When Adding a Second “PS” at the End of a Letter, It’s “PPS”, Not “PSS”

This, of course, is because “PS” stands for “postscript”. This comes from the Latin “post scriptum” (sometimes written “postscriptum”), which translates to “written after”, or more to the point, “what comes after the writing”.

Thus, PSS would mean “postscript script”, which doesn’t really make sense in this context. Rather, the correct way to write this abbreviation is “PPS” for “post-postscript” or “after what comes after the writing”. This continues to PPPS, PPPPS, and so on.

Also note, both forms “P.S.” and “PS” are considered correct, though the latter form, without the periods, is considered the preferred method today as “postscript” is now considered one word.

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  • Actually, PSS is Post-Super-Scriptum

  • I completely agree with everything here. It’s all very logical. Unfortunately, language doesn’t often follow the most logical path. (Take Hamburg+er -to- Cheese+burger as an example.)

    I’m subscribed to dozens of email newletters from the top names in the email business, and I see PSS probably twice as often as PPS. With time, one will win out through sheer usage, and my money’s on PSS.

    • Even though it’s wrong?

      I see then instead of than several times a day. Doesn’t make it right.

      Just because a large number of people get something wrong, it doesn’t make it right. It just makes them ignorant.

      The internet is killing the English language. It’s up to those of us who still love and respect it to not let that happen.

      (See what I did there? With the split infinitive? Wasn’t easy, but I made myself do it.)

      • PPS right, PSS wrong. Same thing as Etcetera or ETC. pronounced correctly ET-CETERA. Yet way too many people are heard to pronounce it EC-CETERA, including professional speakers. And they never self-correct themselves, so are obviously hearing it form others and imitating, rather than learning the correct way to say this word. While it’s true language tends to modify based on popular usage, it also helps with communication (meaning relaying through and ideas in clear and consize ways) to attempt to use the existing language correctly. Ongoing sloppy use of the language doesn’t help except to wind up changing the meaning of words, as quickly as within a few years or decades — including use of too many colloquialisms rather than learning actual words with which to form meaningful sentences. The very fact that some of you are likely annoyed at this post (some will say peeved which is a colloquial or slang term) shows the lack of desire to learn the actual language. But to throw a monkey-wrench into the mix, the modern English language started off as an Old Germanic (West Germanic) language, and over the centuries changed through influences from other languages — in Brittan they spoke Celtic languages, but were influenced by old Anglo-Saxon (Old Germanic) peoples, the Roman Latin language, then onto the Norman Conquest (which was also Germanic early on), and Old Norse, and Norman French, and on and on, where Old English developed to Middle and later, finally to modern English. As such the language most definitely developed fairly wildly, so such change is difficult to resist. Our current modern English will probably be unrecognizable hundreds of years hence. And speaking of “hence” it sounds old, but works nicely.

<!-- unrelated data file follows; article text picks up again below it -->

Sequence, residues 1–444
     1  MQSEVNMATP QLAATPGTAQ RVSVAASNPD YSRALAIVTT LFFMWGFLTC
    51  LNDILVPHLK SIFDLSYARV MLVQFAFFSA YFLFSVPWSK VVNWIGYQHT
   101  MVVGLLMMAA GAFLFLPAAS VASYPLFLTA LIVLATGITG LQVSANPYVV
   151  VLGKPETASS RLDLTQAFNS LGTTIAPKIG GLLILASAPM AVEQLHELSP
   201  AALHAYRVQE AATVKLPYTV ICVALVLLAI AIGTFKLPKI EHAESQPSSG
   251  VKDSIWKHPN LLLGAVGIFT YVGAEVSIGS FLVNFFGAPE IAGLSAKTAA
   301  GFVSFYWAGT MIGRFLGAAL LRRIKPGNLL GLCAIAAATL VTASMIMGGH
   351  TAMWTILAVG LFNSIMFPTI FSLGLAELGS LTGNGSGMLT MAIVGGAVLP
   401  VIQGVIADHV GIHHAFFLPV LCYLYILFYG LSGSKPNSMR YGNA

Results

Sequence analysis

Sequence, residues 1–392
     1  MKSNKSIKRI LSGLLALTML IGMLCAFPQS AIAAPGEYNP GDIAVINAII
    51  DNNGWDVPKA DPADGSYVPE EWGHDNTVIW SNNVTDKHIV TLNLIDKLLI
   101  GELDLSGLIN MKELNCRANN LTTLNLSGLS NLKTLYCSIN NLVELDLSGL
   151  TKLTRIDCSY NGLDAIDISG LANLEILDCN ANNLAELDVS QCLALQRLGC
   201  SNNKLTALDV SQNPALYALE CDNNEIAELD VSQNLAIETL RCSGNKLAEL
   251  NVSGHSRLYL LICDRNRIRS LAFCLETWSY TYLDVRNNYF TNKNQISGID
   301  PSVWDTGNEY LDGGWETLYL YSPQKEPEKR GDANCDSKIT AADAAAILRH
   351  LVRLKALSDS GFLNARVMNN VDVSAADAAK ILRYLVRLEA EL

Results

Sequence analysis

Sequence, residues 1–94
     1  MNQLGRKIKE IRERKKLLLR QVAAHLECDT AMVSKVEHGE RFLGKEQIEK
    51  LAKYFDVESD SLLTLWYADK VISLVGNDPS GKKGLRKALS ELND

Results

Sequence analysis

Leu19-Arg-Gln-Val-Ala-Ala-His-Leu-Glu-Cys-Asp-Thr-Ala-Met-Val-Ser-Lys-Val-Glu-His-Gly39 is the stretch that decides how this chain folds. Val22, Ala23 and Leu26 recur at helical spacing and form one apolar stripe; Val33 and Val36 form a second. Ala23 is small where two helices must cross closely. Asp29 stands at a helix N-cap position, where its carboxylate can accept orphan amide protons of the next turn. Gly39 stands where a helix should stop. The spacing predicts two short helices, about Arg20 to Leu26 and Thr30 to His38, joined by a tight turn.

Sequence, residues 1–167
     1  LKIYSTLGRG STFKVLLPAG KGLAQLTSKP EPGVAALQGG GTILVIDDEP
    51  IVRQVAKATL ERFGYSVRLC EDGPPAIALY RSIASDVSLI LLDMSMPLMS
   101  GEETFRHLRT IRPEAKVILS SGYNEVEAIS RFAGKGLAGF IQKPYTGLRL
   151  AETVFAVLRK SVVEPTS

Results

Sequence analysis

• So in addition to minding our p’s and q’s we should also mind our p’s and s’s?!

    I think you’re right, Jacob, but I plan to continue using p.p.s. until/if it becomes improper to do so. The older I get the more old school I become as well. Aarrgghh! And apparently I don’t read enough because this is the first I’ve seen that not using periods is acceptable. It just doesn’t look right, but something tells me I better get used to it.

    • Carolina, please resist getting used to it for as long as possible, preferably forever.

      “Getting used to it” is surrendering to the forces of ignorance which are destroying our beloved language.

      Evolution of a language is a good thing, devolution is not.

  • p.s.s. is what I was taught well before the Internet (1970s). I wanted it to be p.p.s. for the rationales given by many here, but was instructed the opposite. If anything, I think it is the Internet driving the alternate usage. People on Wikipedia like to pontificate from how they think things should be versus how they are. See a lot of trends for migration of inconvenient grammar practices.

  • So 1 P.S. is P.S.
    A second P.S. can be P.P.S. or P.S.S..
    What is a third P.S..
    P.P.P.S., P.S.S.S., P.S.P.S., PS-PS-PS?

  • Couldn’t Agree More! ☺

  • I was taught P.P.S. WAY before the internet. I completely agree with those that believe “going along with pss and misspellings, is just feeding ignorance.”
    We have so many kids AND adults that can’t spell and can barely read anymore. People just seem to be lazy. It’s sad.
    (And for the record, I’m under 40…and a teacher)